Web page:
When Carole King wrote “winter, spring summer or fall, all you’ve got to do is call,” this can’t be what she had in mind.
But the plethora of examples of the overweening regulatory state makes clear that no matter the season, bureaucrats and neighborhood nannies who want to run your life are always on the job.
It was autumn in New Jersey. New Jersey has leaves. They fall.
But if you want to avoid a little muscle ache by employing a leaf blower instead of a rake, get ready to do battle with the powers that be.
Neighborhood advocacy groups in Maplewood and Princeton complain that, like Marty McFly’s band in “Back to the Future,” the infernal contraptions are just too darn loud.
Maplewood banned the summer use of leaf blowers by commercial businesses earlier this year. Now Princeton is seeking to follow suit for fall, and Maplewood is looking to expand its ban.
Existing regulations designed to keep the noise down to a reasonable level are not good enough. Princetonians want silence.
“No one would think this reasonable,” Tony Lunn, an activist with the group Quiet Princeton, told Mercer Space, a publication of Community News Service.
Reasonableness, of course, is in the eye of the beholder. Or, in this case perhaps, in the back of the beholder.
A prohibition limited to commercial leaf blowers puts the burden – literally – on the employees of landscaping companies, rather than on Joe Springsteen clearing his own yard. That drives up the cost of landscaping work if Joe hires somebody, while adding considerably to the physical toll on the manual laborers actually doing the work. And rest assured, not many of them can afford to live in Maplewood, where the median household income is more than $100,000 per year.
This seems to be a thing in New Jersey.
Last January, Gov. Chris Christie signed into law a bill making it legal for New Jersey residents to offer snow shoveling services without first registering with their town. Truly, a great moment in individual liberty.
The law took effect just days before a blizzard hit the East Coast. It was inspired by the case of two entrepreneurial teens who had gone door-to-door the previous winter offering to shovel snow for a small fee. Cops in the borough of Bound Brook told the two boys they were not allowed to solicit businesses without a permit, which cost $450 for six-months.
At least if it snows in New Jersey this winter, kids can now make a buck shoveling it for you.
Lest anyone think this is a New Jersey-only phenomenon, let’s move on to springtime, when a young man’s fancy turns to … lemonade.
Texans pride themselves on their history of individual liberty. But in the liberal enclave of Austin, things are a little different – even if you’re a kid trying to sell lemonade.
City officials graciously established “Lemonade Day” in May as a one-time parole for miscreant lemon squeezers to hawk their wares without fear of sanction.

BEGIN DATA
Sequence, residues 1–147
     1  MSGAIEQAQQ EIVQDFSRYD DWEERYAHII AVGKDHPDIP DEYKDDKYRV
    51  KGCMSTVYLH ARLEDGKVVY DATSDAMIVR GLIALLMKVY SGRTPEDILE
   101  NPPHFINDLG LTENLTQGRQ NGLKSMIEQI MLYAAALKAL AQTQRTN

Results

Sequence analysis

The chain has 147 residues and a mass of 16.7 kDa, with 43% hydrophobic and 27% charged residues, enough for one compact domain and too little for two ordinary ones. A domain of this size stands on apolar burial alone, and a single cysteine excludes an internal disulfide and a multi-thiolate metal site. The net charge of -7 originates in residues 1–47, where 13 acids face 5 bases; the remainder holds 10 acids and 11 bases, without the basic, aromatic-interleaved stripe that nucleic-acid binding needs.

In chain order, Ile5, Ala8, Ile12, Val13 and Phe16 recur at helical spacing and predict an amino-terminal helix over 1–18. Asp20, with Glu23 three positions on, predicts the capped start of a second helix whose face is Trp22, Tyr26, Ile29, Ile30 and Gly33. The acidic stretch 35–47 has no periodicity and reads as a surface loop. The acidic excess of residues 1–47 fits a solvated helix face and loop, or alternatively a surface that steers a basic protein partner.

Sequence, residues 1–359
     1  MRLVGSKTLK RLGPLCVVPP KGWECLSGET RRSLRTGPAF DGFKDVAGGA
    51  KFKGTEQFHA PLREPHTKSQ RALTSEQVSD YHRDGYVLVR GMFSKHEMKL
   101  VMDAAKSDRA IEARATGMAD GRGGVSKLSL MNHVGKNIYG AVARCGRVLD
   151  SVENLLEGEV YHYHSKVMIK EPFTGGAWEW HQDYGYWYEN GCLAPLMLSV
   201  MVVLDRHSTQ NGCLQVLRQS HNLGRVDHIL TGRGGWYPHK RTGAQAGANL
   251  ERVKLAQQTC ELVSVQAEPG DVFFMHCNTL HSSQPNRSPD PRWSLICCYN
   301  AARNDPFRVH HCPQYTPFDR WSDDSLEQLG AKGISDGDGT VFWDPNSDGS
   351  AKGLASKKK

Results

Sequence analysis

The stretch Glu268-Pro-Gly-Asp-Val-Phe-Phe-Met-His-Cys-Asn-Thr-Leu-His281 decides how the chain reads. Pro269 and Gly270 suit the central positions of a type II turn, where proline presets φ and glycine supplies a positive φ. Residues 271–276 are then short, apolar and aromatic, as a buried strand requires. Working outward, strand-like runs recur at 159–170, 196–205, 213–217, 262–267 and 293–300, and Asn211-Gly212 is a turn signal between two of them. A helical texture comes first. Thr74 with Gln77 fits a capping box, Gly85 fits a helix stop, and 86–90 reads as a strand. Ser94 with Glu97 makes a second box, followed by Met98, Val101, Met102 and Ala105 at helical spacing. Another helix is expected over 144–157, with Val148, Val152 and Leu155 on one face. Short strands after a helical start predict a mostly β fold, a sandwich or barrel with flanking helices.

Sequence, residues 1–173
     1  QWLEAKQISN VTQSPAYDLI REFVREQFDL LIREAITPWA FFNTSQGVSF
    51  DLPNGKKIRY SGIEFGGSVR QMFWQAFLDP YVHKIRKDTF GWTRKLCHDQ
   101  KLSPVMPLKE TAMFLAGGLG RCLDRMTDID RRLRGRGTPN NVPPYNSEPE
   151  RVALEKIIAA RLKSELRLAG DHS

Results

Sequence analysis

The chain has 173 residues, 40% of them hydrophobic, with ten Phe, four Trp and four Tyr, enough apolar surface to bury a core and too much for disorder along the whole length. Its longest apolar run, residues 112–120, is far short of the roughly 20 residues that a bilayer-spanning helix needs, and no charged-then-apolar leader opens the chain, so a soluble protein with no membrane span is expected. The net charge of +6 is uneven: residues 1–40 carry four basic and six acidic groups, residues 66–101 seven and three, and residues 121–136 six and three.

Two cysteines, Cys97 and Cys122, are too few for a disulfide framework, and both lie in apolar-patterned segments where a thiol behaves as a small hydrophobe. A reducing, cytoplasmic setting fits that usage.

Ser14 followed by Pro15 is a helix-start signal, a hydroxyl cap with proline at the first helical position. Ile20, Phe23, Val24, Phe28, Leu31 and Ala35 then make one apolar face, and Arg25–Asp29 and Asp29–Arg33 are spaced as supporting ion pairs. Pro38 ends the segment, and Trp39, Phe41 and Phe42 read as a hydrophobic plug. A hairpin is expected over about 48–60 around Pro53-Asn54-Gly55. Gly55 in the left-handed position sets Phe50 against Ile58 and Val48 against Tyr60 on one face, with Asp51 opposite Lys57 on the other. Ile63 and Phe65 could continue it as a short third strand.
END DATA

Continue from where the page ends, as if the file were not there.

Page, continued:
On that day, you still have to register, but the usual $35 to obtain a “temporary food permit” is waived, and so is the $425 for “a license agreement and fees” to use public property, according to the Institute for Justice, which has represented the pint-sized purveyors.
The rest of the year, lemonade stands are governed by grown-up rules that bar home-prepared foods (kind of defeating the purpose of a front-yard lemonade stand), require a ceiling or canopy above prep areas, and prohibit eating, drinking and smoking – in case your six-year-old wants to light up between squeezes – in the selling area.
But at least the lazy, hazy, crazy days of summer are free from such nonsense. Right?
This past summer witnessed an attempt by officials in Rehoboth Beach, Del., to ban pools.
It was, to say the least, something of a surprise to many in the seaside resort town, which prospers by catering to the needs of its more than 100,000 summer visitors.
But, facing complaints from year-round residents about too much noise – maybe they could replace the pools with leaf blowers — city officials walked up to the edge of the pool, stuck their toe in, then decided not to jump.
Property owner Rebecca Howland told Delaware Online “there is clearly a tinge of hysteria based on anecdotal testimony.”
City officials ultimately decided against the ban – after word of the proposal went viral and more than 1,000 people showed up to protest.
Rehoboth Mayor Sam Cooper was nevertheless sure he was right.
“I have a vision of Rehoboth,” he told the Washingtonian. “If you’re outside of that, then we’re going to have issues.”
And that, in a nutshell, is the problem.
For no matter the season, the nannies are watching you. And they are always absolutely sure they are right.